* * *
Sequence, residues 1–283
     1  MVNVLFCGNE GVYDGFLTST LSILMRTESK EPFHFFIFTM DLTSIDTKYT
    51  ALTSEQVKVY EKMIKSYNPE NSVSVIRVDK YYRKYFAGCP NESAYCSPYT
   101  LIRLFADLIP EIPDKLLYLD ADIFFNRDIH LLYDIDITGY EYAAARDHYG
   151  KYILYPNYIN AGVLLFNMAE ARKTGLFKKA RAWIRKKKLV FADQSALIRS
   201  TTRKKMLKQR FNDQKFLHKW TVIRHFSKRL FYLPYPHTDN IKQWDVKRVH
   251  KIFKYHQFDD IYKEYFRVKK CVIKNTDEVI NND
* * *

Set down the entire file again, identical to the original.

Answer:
Sequence, residues 1–283
     1  MVNVLFCGNE GVYDGFLTST LSILMRTESK EPFHFFIFTM DLTSIDTKYT
    51  ALTSEQVKVY EKMIKSYNPE NSVSVIRVDK YYRKYFAGCP NESAYCSPYT
   101  LIRLFADLIP EIPDKLLYLD ADIFFNRDIH LLYDIDITGY EYAAARDHYG
   151  KYILYPNYIN AGVLLFNMAE ARKTGLFKKA RAWIRKKKLV FADQSALIRS
   201  TTRKKMLKQR FNDQKFLHKW TVIRHFSKRL FYLPYPHTDN IKQWDVKRVH
   251  KIFKYHQFDD IYKEYFRVKK CVIKNTDEVI NND